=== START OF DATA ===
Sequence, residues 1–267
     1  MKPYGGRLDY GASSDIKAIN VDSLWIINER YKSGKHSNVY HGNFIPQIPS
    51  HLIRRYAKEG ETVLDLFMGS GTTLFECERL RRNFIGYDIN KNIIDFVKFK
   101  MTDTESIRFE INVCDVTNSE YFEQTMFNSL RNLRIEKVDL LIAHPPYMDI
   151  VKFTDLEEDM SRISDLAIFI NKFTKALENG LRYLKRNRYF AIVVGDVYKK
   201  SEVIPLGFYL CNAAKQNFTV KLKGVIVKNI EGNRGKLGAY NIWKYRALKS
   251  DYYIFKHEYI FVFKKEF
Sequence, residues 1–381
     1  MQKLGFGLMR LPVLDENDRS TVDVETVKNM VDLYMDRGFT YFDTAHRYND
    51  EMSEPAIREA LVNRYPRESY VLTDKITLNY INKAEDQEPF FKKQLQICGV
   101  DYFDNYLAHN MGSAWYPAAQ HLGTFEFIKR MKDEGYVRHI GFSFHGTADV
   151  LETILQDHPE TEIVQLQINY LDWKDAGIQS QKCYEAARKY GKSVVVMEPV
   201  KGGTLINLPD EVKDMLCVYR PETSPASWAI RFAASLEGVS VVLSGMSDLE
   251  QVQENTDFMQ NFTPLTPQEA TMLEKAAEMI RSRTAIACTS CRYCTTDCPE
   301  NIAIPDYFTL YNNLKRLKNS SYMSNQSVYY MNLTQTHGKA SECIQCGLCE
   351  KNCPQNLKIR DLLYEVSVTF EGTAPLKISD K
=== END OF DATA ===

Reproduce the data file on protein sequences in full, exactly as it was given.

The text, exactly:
Sequence, residues 1–267
     1  MKPYGGRLDY GASSDIKAIN VDSLWIINER YKSGKHSNVY HGNFIPQIPS
    51  HLIRRYAKEG ETVLDLFMGS GTTLFECERL RRNFIGYDIN KNIIDFVKFK
   101  MTDTESIRFE INVCDVTNSE YFEQTMFNSL RNLRIEKVDL LIAHPPYMDI
   151  VKFTDLEEDM SRISDLAIFI NKFTKALENG LRYLKRNRYF AIVVGDVYKK
   201  SEVIPLGFYL CNAAKQNFTV KLKGVIVKNI EGNRGKLGAY NIWKYRALKS
   251  DYYIFKHEYI FVFKKEF
Sequence, residues 1–381
     1  MQKLGFGLMR LPVLDENDRS TVDVETVKNM VDLYMDRGFT YFDTAHRYND
    51  EMSEPAIREA LVNRYPRESY VLTDKITLNY INKAEDQEPF FKKQLQICGV
   101  DYFDNYLAHN MGSAWYPAAQ HLGTFEFIKR MKDEGYVRHI GFSFHGTADV
   151  LETILQDHPE TEIVQLQINY LDWKDAGIQS QKCYEAARKY GKSVVVMEPV
   201  KGGTLINLPD EVKDMLCVYR PETSPASWAI RFAASLEGVS VVLSGMSDLE
   251  QVQENTDFMQ NFTPLTPQEA TMLEKAAEMI RSRTAIACTS CRYCTTDCPE
   301  NIAIPDYFTL YNNLKRLKNS SYMSNQSVYY MNLTQTHGKA SECIQCGLCE
   351  KNCPQNLKIR DLLYEVSVTF EGTAPLKISD K